Pensacola with a purpose: an ASB diary

Part Two: Machetes, chain saws and the joys of 98-cent pizza

Part two of a five-part series. Click here to read part one.

Tuesday, March 7

Katie and Kendrick are standing in front of a refrigerator that has been without power for more than a week. They are pulling out slabs of rotted bologna, packages of stale sweet potatoes, and jars of rancid mayonnaise while trying hard not to look at or smell anything. But there’s a problem they just can’t ignore — the ham sitting in a roasting pan.

“Don’t look at it!” Katie says as Kendrick pulls it from the fridge.

“It’s covered with white spots!” Kendrick wails as she opens the lid.
Squealing and grimacing, they dump the ham into the plastic garbage bag I’m holding out to them. A trickle of warm liquid rolls slowly across my wrist.

“Eeeww! Ham spatter!”



It’s the end of a long day of weeding, digging, cleaning, and chainsawing, and the ham is an extremely unwelcome surprise in a string of unexpected events. Today’s job site is not the trailers we thought we would be going to; instead, Daryl leads us to a home two blocks from our hotel that he describes, aptly, as a jungle.

It turns out to be a double-wide trailer owned by Carolyn, the mother of four foster children, who have been temporarily relocated until the trailer is made habitable. A large woman who uses a portable oxygen tank, Carolyn is living in a small house next door. Her backyard is overgrown with palm trees, weeds, and vines that are just a few feet from the back door. Our task is to clear away 18 feet of dense growth and spread new dirt by the front steps to level off the recently reconstructed wheelchair ramp. Daryl drops off several machetes and a chainsaw for the yard; Karen, the surfer/snowboarder/kung-fu artist, who has turned out to be somewhat accident-prone, whoops with excitement. Dan looks wary, and when she heads out back with a machete, he follows discreetly.

We learn quickly that palm fronds are very sharp and very tough and that the vines here are thick and heavy. Everyone crouches down and begins hacking and hauling, dragging rotted boards and old cinderblocks out of the backyard and slowly thinning out the brush. Waterbugs — the name given to inch-long flying cockroaches — are everywhere, and Daryl has warned us that it’s snake season. But slowly the pile diminishes. Evan turns out to be a machete champion, and Dan is a whiz with a chainsaw. By lunchtime the backyard is transformed.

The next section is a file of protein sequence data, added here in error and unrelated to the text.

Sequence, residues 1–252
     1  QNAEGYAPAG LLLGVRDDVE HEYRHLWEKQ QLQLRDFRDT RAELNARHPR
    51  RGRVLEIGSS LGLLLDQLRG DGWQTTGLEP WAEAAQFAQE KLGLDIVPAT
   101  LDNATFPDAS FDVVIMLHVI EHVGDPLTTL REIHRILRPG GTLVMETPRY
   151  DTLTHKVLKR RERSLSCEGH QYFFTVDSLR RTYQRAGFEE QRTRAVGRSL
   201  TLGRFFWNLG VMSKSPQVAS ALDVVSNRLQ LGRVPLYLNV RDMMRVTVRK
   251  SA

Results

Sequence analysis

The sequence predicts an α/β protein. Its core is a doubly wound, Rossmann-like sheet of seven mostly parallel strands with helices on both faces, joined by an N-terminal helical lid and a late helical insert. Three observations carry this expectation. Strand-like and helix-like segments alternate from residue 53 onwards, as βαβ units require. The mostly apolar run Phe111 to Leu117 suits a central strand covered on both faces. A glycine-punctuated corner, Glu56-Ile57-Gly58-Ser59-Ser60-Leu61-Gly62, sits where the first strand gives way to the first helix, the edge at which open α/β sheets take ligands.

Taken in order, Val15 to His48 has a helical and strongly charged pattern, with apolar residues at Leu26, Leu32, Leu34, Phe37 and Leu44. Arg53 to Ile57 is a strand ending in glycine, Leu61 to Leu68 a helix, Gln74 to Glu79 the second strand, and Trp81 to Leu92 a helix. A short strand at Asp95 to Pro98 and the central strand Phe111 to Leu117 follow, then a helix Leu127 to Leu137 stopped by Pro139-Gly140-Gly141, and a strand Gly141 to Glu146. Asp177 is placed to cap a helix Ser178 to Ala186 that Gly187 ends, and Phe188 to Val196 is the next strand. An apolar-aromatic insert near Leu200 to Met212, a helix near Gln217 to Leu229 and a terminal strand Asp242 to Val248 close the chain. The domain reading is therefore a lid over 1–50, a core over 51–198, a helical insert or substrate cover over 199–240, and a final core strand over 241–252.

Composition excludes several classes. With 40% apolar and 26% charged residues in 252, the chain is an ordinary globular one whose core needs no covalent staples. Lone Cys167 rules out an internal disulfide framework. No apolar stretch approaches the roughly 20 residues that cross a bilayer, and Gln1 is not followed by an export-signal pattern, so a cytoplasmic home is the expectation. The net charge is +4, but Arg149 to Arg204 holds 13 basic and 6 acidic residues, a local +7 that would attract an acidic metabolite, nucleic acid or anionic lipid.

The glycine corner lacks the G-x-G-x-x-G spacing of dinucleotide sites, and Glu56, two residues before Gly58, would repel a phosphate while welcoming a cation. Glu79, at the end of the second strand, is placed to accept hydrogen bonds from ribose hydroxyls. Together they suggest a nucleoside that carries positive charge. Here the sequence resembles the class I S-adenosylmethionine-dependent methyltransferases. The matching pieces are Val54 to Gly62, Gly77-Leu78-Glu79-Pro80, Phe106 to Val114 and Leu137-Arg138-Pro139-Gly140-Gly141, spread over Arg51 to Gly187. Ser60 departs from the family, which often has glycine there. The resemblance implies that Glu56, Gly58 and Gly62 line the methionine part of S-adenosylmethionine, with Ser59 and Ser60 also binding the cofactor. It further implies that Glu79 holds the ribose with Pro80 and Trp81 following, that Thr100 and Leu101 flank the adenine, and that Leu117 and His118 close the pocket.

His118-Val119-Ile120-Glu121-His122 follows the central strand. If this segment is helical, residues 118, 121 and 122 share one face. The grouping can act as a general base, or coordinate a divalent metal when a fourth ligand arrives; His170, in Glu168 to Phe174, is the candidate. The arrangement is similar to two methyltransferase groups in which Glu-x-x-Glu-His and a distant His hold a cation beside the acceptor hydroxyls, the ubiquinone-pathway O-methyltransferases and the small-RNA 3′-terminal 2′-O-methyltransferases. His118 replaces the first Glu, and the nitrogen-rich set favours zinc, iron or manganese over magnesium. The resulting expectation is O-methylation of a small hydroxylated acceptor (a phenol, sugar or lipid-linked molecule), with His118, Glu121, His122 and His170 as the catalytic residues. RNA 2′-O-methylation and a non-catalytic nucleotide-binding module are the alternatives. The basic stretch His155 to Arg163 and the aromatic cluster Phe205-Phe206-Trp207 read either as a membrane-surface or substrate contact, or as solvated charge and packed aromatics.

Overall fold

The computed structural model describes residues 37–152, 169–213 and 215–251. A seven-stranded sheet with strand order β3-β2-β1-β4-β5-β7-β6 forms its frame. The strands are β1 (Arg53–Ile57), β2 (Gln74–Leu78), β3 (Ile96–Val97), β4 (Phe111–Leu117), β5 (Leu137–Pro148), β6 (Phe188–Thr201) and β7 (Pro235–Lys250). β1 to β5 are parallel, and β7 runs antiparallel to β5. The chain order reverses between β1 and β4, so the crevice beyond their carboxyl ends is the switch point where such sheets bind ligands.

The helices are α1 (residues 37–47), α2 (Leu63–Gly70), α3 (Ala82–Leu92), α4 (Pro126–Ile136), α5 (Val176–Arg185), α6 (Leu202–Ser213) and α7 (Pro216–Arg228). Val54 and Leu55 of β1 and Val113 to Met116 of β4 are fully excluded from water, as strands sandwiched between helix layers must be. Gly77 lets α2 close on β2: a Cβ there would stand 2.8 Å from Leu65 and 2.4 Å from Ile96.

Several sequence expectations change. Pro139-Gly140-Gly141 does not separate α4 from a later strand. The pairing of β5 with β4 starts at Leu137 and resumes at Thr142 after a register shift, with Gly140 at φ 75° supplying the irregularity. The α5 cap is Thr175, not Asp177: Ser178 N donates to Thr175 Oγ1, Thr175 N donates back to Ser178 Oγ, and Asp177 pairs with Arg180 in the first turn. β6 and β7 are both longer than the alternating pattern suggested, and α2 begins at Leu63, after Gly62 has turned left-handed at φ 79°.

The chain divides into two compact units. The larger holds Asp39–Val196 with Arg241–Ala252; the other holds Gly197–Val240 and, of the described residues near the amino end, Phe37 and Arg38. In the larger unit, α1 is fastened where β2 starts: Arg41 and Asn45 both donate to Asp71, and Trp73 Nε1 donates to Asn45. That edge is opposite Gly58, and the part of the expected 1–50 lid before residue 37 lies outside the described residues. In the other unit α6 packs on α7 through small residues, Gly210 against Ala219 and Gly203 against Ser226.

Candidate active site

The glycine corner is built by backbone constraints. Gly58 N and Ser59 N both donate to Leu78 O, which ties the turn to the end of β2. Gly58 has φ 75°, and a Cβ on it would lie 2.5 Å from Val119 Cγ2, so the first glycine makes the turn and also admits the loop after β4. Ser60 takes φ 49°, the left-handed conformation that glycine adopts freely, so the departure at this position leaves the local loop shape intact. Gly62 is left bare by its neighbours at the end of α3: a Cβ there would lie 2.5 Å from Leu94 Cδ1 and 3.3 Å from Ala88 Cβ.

It is only our second day of work here, and already the daily peanut-butter and jelly picnic has become a pleasant routine: Amy, who is badly allergic to nuts, fetches her turkey sandwich from a separate cooler; Matt sticks Doritos between the peanut butter and the jelly; Dan finishes my bag of baby carrots. The conversation consists of most-disgusting roommate stories.

After lunch, we clean the fridge and play in the dirt, shoveling and tamping it down to make a smooth surface. We play one last round of Dumpster Monster, where somebody climbs in the dumpster to stamp down the branches and leaves, and everyone heads back to the Mallory Apartments.

We are living in two apartments next door to each other, but only one of them, the one shared by Kendrick, Karen, Stephanie, Becky, Evan, and me, has a kitchen, so we host dinner each night. Tonight our meal is 98-cent frozen pizzas from Wal-Mart, which, we agree, are really pretty tasty, although Amy notes that we’re so hungry and tired that just about anything would taste delicious. Some of us eat leftover hot dogs from Sunday: the girls heat them in the toaster oven; the boys eat them cold. Last night, Kendrick asked us to play the game called Rose and Thorn, in which we all say one good thing and one bad thing about the day. Tonight, everyone’s excited about a walk to Walgreens and a round of Mafia, a role-playing game that asks players to create and solve a murder mystery.

Today, we would all agree, things didn’t go quite as smoothly as they did on Monday. After the rush of knocking down walls and working side by side with Terry, weeding and cleaning are a bit of a letdown. Plus, it’s our fourth consecutive day in one another’s company, and the relentless closeness has unleashed a few tempers. At least one “You’re not my mom!” incident was witnessed by more than a few people. But so far these things have blown over quickly. Maybe it’s exhaustion, maybe it’s maturity, and maybe we’re all still glad to be here — just not every single moment.

Tomorrow should be problem-free: we are scheduled for a half-day of work and a half-day at the beach. Make that: tomorrow should be fun.

Read Part Three

Read more Alternative Spring Breaks stories.

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Pensacola with a purpose: an ASB diary